cluster_id   NUMBER
probability  NUMBER

Example / Case Study

My last few blog posts on ODM have covered most of the APIs for building and transferring models. We will be using the same data set in these posts. The following code uses the same data and models to illustrate how we can use the DBMS_DATA_MINING.APPLY procedure to perform a bulk scoring of data.

In my previous post we used the EXPORT and IMPORT procedures to move a model from one database (Test) to another database (Production). The following examples uses the model in Production to score new data. I have setup a sample of data (NEW_DATA_TO_SCORE) from the SH schema using the same set of attributes as was used to create the model (MINING_DATA_BUILD_V). This data set contains 1500 records.

Name                                 Null?    Type
------------------------------------ -------- ------------
CUST_ID                              NOT NULL NUMBER
CUST_GENDER                          NOT NULL CHAR(1)
AGE                                           NUMBER
CUST_MARITAL_STATUS                           VARCHAR2(20)
COUNTRY_NAME                         NOT NULL VARCHAR2(40)
CUST_INCOME_LEVEL                             VARCHAR2(30)
EDUCATION                                     VARCHAR2(21)
OCCUPATION                                    VARCHAR2(21)
HOUSEHOLD_SIZE                                VARCHAR2(21)
YRS_RESIDENCE                                 NUMBER
AFFINITY_CARD                                 NUMBER(10)
BULK_PACK_DISKETTES                           NUMBER(10)
FLAT_PANEL_MONITOR                            NUMBER(10)
HOME_THEATER_PACKAGE                          NUMBER(10)
BOOKKEEPING_APPLICATION                       NUMBER(10)
PRINTER_SUPPLIES                              NUMBER(10)
Y_BOX_GAMES                                   NUMBER(10)
OS_DOC_SET_KANJI                              NUMBER(10)

SQL> select count(*) from new_data_to_score;


The next step is to run the the DBMS_DATA_MINING.APPLY procedure. The parameters that we need to feed into this procedure are

Parameter Name Description
Model_Name CLAS_DECISION_TREE  -- we imported this model from our test database
Case_Id_Column_Name CUST_ID  -- this is the PK
Result_Table_Name NEW_DATA_SCORED   -- new table that will be created that contains the Prediction and Probability.

The NEW_DATA_SCORED table will contain 2 records for each record in the source data (NEW_DATA_TO_SCORE). For each record in NEW_DATA_TO_SCORE we will have one record for the each of the Target Values (O or 1) and the probability for each target value. So for our NEW_DATA_TO_SCORE, which contains 1,500 records, we will get 3,000 records in the NEW_DATA_SCORED table.

To apply the model to the new data we run:

  model_name => 'CLAS_DECISION_TREE',
  data_table_name => 'NEW_DATA_TO_SCORE',
  case_id_column_name => 'CUST_ID',
  result_table_name => 'NEW_DATA_SCORED');

This takes 1 second to run on my laptop, so this apply/scoring of new data is really quick.

The new table NEW_DATA_SCORED has the following description

Name                            Null?    Type
------------------------------- -------- -------
CUST_ID                         NOT NULL NUMBER
PREDICTION                               NUMBER
PROBABILITY                              NUMBER

SQL> select count(*) from NEW_DATA_SCORED;


We can now look at the prediction and the probabilities

SQL> select * from NEW_DATA_SCORED where rownum <=12;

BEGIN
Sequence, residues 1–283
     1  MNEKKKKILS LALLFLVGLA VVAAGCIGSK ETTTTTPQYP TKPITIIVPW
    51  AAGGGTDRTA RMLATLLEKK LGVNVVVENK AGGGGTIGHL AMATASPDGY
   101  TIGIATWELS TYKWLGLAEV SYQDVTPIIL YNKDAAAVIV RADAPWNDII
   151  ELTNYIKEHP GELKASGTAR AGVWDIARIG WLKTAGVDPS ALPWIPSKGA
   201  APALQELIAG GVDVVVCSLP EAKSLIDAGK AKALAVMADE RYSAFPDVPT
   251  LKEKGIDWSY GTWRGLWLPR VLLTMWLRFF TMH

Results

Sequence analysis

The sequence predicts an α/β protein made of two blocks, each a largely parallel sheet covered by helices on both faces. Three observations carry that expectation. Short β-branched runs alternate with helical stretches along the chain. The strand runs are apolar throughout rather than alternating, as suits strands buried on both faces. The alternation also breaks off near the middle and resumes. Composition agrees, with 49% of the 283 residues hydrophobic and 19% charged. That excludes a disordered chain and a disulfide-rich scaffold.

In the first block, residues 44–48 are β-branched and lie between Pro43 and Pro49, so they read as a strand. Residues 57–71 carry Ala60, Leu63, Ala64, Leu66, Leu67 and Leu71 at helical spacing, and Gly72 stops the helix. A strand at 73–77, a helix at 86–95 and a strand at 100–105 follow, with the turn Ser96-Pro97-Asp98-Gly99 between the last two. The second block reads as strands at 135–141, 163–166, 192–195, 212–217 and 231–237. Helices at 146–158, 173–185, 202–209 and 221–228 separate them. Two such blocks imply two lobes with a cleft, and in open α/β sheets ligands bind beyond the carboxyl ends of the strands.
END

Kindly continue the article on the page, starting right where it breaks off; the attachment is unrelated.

---------- ---------- -----------
    103001          0           1
    103001          1           0
    103002          0  .956521739
    103002          1  .043478261
    103003          0  .673387097
    103003          1  .326612903
    103004          0  .673387097
    103004          1  .326612903
    103005          1  .767241379
    103005          0  .232758621
    103006          0           1
    103006          1           0

12 rows selected.

Wednesday, November 16, 2011

My UKOUG Conference 2011 Schedule

UK Oracle User Group Conference 2011

The UKOUG conference will be in a couple of weeks. I have my flights and hotel booked, and I’ve just finished selecting my agenda of presentations. I really enjoy this conference as it serves many purposes including, finding new directions Oracle is taking, new product features, some upskilling/training, confirming that the approaches that I have been using on projects are valid, getting lots of hints and tips, etc.

One thing that I always try to do and I strongly everyone (in particular first timers) to do is to go to 1 session everyday that is on a topic or product that you know (nearly) nothing about.  You might discover that you know more than you think or you may learn something new that can be feed into some project on your return or over the next 12 months.

My agenda for the conference currently looks Very busy and in between these session, there is the exhibition hall, meetings with old and new friends, meetings with product/business unit managers, asking people to write articles for Oracle Scene, checking out possible presenters to come to Ireland for our conference in March 2012, etc.  Then there is my presentation on the Wednesday afternoon.


I’ll miss most of the Oak Table event on the Sunday but I hope to make it in time for

16:40-17:30 : Performance & High Availability Panel Session


9:20-9:50 : Keynote by Mark Sunday, Oracle (H1)
10:00-10:45 : The Future of BI & Oracle roadmap, Mike Durran, Oracle (H5)
11:05-12:05 : Implementing Interactive Maps with OBIEE 11g, Antony Heljula, Peak Indicators (H10A)
12:15-13:15 : OBI 11g Analysis & Reporting New Features, Mark Rittman (8A)
14:30-15:15 : Master Data Management – What is it & how to make it work – Robert Barnett, Hub Solutions Designs (H10A)
16:20-17:35 : Dummies Guide to Oracle ADF, Grant Ronald, Oracle, (Media Suite)
16:35-18:30 : The DB Time Performance Method, Graham Wood, Oracle (H8A)